Childhood obesity is truly an epidemic. More than one in six children in the United States are obese, a rate that has tripled in the past 30 years. Childhood obesity is linked to a number of debilitating and costly diseases, including cardiovascular disease, diabetes, hypertension, several kinds of cancer, and other chronic conditions.
A significant body of research has demonstrated that consumption of sugar-sweetened beverages (SSBs) — such as sodas, sports drinks, and sweetened teas — is strongly linked to increased obesity in children. This is why various proposals to tax SSBs as a means of reducing consumption and raising revenues for initiatives to fight childhood obesity have been the focus of intense discussion in 14 states during 2011 alone.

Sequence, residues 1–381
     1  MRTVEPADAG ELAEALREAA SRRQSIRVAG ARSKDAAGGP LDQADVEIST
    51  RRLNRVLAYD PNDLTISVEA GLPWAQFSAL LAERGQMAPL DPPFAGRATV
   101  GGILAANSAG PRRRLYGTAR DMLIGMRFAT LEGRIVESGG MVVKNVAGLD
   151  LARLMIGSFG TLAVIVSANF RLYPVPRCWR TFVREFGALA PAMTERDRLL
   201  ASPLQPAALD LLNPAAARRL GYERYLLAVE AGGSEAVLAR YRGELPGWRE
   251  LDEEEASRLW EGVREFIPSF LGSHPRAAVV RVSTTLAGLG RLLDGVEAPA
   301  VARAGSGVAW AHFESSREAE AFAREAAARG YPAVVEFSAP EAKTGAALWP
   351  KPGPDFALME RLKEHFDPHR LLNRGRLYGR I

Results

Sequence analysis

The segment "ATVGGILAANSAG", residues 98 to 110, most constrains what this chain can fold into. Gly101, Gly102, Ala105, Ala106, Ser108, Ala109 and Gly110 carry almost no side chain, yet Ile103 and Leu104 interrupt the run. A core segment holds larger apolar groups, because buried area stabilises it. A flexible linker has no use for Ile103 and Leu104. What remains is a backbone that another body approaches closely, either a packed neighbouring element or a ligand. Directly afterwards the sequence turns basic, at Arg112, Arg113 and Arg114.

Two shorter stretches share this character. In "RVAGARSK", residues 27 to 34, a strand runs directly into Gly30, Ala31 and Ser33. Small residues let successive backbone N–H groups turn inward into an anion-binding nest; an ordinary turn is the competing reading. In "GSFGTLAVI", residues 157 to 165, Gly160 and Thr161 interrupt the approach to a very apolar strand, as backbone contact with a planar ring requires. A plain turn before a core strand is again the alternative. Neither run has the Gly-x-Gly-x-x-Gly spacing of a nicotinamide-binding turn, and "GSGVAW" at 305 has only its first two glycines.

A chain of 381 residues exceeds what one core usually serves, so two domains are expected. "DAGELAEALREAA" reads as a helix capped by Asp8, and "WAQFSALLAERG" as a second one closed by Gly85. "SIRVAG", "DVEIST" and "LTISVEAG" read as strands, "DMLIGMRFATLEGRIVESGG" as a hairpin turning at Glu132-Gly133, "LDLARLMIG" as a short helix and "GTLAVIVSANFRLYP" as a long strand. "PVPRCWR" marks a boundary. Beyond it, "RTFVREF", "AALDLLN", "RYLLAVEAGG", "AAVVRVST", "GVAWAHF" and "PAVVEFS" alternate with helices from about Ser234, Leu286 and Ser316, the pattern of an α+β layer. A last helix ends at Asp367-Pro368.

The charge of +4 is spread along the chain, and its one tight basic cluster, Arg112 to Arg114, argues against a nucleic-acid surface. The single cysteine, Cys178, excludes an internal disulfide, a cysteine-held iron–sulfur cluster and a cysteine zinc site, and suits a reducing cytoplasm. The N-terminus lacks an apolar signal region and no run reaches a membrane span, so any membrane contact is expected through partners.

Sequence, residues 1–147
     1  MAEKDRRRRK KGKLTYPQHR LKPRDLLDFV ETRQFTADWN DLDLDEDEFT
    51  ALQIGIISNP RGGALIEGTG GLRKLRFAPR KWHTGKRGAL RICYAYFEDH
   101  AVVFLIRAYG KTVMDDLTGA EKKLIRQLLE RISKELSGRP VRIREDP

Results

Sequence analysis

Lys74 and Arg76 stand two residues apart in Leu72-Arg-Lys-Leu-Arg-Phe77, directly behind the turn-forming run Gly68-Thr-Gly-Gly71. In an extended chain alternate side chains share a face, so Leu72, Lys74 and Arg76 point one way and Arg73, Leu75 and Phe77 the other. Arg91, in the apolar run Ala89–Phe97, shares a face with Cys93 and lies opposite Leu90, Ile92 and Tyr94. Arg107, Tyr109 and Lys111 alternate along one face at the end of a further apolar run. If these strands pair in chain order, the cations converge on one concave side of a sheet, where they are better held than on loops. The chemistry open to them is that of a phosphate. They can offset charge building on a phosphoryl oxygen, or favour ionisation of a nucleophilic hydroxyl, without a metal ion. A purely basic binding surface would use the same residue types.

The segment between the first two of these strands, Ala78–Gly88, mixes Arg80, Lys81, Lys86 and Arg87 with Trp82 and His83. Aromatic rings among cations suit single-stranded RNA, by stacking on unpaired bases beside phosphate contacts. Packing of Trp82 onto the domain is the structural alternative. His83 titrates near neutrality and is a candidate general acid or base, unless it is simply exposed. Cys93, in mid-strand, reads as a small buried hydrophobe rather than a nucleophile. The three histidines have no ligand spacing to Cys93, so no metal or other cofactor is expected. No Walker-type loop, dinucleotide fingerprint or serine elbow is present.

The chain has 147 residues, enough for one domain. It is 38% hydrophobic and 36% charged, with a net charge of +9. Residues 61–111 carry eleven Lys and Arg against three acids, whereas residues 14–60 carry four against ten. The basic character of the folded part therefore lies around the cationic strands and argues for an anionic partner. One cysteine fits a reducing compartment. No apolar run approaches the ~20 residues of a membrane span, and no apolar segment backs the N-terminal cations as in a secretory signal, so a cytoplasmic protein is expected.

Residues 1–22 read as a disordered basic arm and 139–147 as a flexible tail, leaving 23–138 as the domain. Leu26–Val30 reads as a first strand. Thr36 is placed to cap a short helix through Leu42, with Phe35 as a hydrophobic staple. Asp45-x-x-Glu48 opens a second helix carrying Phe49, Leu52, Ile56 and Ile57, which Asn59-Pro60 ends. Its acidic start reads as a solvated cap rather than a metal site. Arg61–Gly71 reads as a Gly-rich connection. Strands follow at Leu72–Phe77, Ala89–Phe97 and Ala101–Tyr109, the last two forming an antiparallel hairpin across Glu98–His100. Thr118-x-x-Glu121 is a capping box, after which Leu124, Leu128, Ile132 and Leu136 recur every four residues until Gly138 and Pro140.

A recent poll commissioned by The Boston Foundation and NEHI as part of their Healthy People/Healthy Economy coalition’s work found that 69 percent of Massachusetts voters would support applying the state sales tax to soda and candy (these items are currently exempt) if the revenues from the tax were used to fund childhood obesity reduction efforts. The Alliance for a Healthier Vermont also recently conducted a poll that found a similar result, with nearly 60 percent of Vermont residents expressing support for a penny-per-ounce excise tax on SSBs.
These poll results should encourage all of us who are deeply concerned about the childhood obesity epidemic to press forward with taxation proposals and continue to work to strategically engage the public about the importance of using a variety of policy tools to make progress in the fight against childhood obesity. Our children deserve a healthy future and taxing SSBs is one important way to help ensure this. These polls suggest that the public thinks so as well.
—Patrick M. Tigue, Children’s Health Care Coordinator New England Alliance for Children’s Health